Quantifying the nitrogen benefits of cool season pulse crops to an Alberta prairie cropping system

  • Author / Creator
    Williams, Christina Marie
  • Diverse crop rotations are an important part of sustainable agricultural systems. More information is needed in Alberta on the effects of adding pulse crops to current rotations. This experiment investigated the effects of ‘Snowbird’ tannin-free faba bean (Vicia faba L.), ‘Arabella’ narrow-leafed lupin (Lupinus angustifolius L.), and ‘Canstar’ field pea (Pisum sativum L.) on subsequent barley (Hordeum vulgare L.), canola (Brassica napus L.) and wheat (Triticum aestivum L.) crops in rotation at two sites in central Alberta (Barrhead and St. Albert). In YR1 of rotation faba bean had the highest potential for N fixation followed by pea and lupin and N returned to the soil in above ground crop residues was similar across pulse species. In YR2 of rotation faba bean and pea stubble was able to maintain the yield and quality of subsequent barley, canola and wheat crops. Pulse crops can improve the sustainability of the Alberta cropping system.

  • Subjects / Keywords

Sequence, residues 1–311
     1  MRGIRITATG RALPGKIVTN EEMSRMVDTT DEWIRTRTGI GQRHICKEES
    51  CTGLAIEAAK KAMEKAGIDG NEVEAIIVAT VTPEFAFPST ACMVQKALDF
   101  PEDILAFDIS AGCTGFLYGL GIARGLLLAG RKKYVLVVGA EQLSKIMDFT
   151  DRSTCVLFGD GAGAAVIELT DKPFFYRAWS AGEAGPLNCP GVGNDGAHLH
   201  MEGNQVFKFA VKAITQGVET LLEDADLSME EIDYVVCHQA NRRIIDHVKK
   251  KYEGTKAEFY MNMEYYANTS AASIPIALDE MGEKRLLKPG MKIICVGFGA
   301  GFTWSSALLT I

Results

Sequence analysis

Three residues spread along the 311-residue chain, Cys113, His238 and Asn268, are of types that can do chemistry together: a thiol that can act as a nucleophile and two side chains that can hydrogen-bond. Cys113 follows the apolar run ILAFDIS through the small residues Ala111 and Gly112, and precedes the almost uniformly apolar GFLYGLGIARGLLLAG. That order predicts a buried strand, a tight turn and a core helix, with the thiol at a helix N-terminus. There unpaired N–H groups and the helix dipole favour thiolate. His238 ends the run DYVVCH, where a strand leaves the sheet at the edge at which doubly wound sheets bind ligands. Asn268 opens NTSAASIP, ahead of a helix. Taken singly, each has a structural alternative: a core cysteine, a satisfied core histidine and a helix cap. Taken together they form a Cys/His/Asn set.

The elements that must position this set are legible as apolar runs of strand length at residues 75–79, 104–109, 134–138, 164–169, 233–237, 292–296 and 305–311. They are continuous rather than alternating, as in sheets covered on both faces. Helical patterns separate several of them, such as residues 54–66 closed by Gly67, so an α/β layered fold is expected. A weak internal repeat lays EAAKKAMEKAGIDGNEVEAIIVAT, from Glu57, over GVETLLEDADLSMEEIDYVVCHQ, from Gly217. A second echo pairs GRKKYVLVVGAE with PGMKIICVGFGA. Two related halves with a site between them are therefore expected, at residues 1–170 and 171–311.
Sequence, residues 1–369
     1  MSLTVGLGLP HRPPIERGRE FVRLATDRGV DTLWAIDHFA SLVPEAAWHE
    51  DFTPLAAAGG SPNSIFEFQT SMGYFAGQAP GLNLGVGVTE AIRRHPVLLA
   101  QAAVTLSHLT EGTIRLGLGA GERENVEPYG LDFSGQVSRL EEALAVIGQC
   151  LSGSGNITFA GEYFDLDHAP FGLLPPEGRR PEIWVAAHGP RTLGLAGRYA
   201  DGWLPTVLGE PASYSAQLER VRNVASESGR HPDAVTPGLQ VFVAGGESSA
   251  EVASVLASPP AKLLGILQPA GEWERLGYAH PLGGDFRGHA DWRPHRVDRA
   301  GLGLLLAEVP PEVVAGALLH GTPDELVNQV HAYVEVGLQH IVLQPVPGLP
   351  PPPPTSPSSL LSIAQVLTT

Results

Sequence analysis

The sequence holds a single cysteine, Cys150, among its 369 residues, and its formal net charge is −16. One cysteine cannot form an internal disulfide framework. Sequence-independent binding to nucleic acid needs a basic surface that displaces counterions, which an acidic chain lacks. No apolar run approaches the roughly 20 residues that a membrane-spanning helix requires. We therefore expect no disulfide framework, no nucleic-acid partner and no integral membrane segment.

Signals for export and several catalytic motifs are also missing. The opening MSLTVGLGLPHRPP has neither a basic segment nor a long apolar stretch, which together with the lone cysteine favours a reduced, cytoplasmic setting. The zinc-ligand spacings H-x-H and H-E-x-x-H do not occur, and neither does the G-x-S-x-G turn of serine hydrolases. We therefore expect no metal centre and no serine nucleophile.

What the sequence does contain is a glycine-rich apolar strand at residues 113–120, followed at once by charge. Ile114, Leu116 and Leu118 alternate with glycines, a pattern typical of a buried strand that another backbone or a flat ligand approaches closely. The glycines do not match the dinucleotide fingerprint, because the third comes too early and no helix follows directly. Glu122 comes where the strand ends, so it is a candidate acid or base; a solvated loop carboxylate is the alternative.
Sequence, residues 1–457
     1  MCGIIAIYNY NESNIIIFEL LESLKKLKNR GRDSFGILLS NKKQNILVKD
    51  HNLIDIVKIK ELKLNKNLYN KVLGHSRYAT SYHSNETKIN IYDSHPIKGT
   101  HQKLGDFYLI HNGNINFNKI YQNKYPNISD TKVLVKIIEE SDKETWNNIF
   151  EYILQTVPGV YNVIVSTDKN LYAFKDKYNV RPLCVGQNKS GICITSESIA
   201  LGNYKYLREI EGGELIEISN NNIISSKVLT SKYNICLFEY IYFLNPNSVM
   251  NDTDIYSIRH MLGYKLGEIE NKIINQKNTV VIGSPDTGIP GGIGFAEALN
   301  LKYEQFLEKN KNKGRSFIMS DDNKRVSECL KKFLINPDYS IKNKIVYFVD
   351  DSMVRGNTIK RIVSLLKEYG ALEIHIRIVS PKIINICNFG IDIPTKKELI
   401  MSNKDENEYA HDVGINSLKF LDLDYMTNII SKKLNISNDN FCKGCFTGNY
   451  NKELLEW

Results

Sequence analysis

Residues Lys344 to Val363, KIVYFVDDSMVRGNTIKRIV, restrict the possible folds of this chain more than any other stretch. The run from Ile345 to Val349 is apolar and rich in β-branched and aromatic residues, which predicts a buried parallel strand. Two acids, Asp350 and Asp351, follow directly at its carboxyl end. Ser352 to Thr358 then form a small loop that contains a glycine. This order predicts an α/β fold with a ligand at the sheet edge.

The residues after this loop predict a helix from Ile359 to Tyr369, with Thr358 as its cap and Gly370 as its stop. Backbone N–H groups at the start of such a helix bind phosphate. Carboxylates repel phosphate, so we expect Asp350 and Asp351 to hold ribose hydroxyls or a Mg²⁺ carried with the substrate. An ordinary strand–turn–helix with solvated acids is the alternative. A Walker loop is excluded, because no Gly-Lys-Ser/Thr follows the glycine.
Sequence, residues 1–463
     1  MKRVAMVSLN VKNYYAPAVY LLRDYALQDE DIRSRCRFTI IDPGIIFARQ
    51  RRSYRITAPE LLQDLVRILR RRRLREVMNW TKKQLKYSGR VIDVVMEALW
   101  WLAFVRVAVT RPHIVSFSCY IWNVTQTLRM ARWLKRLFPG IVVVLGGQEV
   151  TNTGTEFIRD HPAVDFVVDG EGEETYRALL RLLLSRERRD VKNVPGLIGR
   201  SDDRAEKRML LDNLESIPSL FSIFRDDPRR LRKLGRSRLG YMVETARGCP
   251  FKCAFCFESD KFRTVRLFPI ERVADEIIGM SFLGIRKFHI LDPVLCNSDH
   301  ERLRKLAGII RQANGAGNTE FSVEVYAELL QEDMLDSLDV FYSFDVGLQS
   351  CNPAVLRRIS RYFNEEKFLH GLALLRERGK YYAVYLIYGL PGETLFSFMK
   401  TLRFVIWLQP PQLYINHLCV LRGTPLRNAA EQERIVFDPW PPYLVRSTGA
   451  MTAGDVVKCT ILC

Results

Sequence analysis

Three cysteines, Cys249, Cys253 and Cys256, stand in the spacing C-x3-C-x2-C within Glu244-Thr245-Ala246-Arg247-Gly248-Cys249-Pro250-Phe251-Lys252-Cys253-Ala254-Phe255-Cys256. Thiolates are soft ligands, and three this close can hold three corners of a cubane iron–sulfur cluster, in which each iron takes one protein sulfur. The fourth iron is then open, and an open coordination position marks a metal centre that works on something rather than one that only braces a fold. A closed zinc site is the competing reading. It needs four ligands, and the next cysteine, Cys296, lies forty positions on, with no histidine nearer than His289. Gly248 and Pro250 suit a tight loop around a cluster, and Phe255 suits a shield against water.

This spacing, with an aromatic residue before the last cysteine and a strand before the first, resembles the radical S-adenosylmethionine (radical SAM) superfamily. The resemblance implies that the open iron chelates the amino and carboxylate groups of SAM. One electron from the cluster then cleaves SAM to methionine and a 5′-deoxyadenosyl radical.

• Graduation date
  • Type of Item
  • Degree
    Master of Science
  • DOI
  • License
    This thesis is made available by the University of Alberta Libraries with permission of the copyright owner solely for non-commercial purposes. This thesis, or any portion thereof, may not otherwise be copied or reproduced without the written consent of the copyright owner, except to the extent permitted by Canadian copyright law.
  • Language
  • Institution
    University of Alberta
  • Degree level
  • Department
    • Department of Agricultural, Food, and Nutritional Science
  • Supervisor / co-supervisor and their department(s)
    • King, Jane (Agricultural, Food and Nutritional Science)
  • Examining committee members and their departments
    • Dyck, Miles (Renewable Resources)
    • Spaner, Dean (Agricultural, Food and Nutritional Science)